How should we 'mark'?

The writer is a member of the Church of God Twin Cities, Hopkins, Minn. He has attended the Church of God since 1986.

By Bryn Hendrickson

BROOKLYN CENTER, Minn.-Over the course of several months I read, with great interest, The Journal's series of articles on the nature of God. I was quite content to read and study what others had written: content, that is, until I read Eric Snow's comments in the March 31 issue of The Journal ("Heresy of 'Arianism' Calls for Drastic Step").

However, I am not writing to deal with any arguments he might have made regarding the nature of God. Instead, I am writing in response to his call for the disfellowshipment of Gary Fakhoury.

I find it troubling that Mr. Snow would call for a Pharisaical approach to dealing with a doctrinal issue. Lest you think I am using hyperbole in regards to his approach, read the story in John 9:13-34 of a blind man Jesus healed. Read about the fear the man's parents felt at the thought of being put out of the synagogue by the Pharisees (verse 22). Then read of the courage the man had and how he was cast out by the Pharisees (verse 34) for daring to profess that Jesus had healed him.

The apostle John also deals with this issue in an epistle. In the first eight verses of 3 John, the apostle goes into great detail praising Gaius for his great service of the brethren, but in verses 9-11 we read of another man from the same area who had a different approach.

Notice what Diotrephes was doing. He was putting people "out of the church" (verse 10). Does it seem as if John were happy about this practice? Notice that he tells Gaius, "Do not imitate what is evil."

Hence, from the context, it appears John defines putting people out of the church as evil.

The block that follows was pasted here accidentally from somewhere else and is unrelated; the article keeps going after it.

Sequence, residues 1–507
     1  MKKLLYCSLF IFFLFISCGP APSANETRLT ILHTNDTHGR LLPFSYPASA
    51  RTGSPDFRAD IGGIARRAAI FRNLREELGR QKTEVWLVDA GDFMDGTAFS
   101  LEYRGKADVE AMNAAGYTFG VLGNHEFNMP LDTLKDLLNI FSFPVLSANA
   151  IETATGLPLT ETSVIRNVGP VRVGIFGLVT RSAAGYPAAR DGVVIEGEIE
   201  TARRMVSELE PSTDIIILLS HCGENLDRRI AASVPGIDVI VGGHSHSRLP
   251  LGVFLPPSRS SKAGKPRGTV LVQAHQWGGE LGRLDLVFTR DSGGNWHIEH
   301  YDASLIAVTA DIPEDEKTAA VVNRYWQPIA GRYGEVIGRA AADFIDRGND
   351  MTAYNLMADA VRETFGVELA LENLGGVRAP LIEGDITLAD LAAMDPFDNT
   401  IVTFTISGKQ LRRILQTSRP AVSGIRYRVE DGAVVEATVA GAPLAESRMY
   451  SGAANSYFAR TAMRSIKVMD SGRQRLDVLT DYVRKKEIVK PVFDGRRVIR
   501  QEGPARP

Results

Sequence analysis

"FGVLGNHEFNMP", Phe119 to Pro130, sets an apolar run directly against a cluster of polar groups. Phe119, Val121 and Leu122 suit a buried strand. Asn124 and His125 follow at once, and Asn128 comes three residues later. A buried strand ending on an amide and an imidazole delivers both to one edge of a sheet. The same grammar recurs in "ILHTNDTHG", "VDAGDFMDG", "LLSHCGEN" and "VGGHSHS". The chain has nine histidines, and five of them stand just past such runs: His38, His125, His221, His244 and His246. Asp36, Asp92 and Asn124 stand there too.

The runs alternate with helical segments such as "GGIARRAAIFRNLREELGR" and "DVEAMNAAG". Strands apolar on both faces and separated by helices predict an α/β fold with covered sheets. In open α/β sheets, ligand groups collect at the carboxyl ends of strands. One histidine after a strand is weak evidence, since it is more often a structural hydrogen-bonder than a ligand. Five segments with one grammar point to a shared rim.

I wonder where John could have gotten the idea that casting people out of the church was not God's way?

Parable of the tares

Consider Jesus' parable of the tares. The land owner advised his servants to allow both the wheat and the tares-a kind of weed that looked similar to wheat-to grow together until the harvest, "lest while you are gathering up the tares, you may root up the wheat with them" (Matthew 13:24-30).

Do you understand what is said here? Jesus acknowledged there would be "troublemakers" in the church, but He taught that you don't root them out. He knew that if this were to be permitted some wheat would get pulled up at the same time.

Also, one person's troublemaker is another person's hero. Let's remember that to the religious leaders of the day John the Baptist, the apostles and even Jesus Himself were considered troublemakers.

It is also important to keep in mind the words of Paul to the Romans: "Who are you to judge the servant of another? To his own master he stands or falls; and stand he will, for the Lord is able to make him stand" (Romans 14:4)

It seems clear that putting people out of the church is not a good thing in the eyes of Jesus Christ, but for the sake of argument let's look at a few other scriptures usually used to justify the practice of disfellowshipping.

The first scripture most people turn to on the subject is Romans 16:17: "Now I beseech ye, brethren, mark them who cause divisions and offenses contrary to the doctrine which ye have learned, and avoid them" (King James Version).

Romans 16:17

Here are few things to keep in mind in this passage.

First, the Greek word translated here in the KJV as "mark" is skopeo, which means to look at, behold, watch or contemplate. Nearly all translations, other than the KJV, render the verse similar to the way it is translated in the New American Standard Bible version: "Now I urge you, brethren, keep your eye on those who cause dissensions and hindrances contrary to the teaching which you learned, and turn away from them."

This reference to "marking" someone simply means to "take note of" or "be aware of" someone acting as Paul describes.

The second point to note is that Paul says, "Now I urge you, brethren . . ."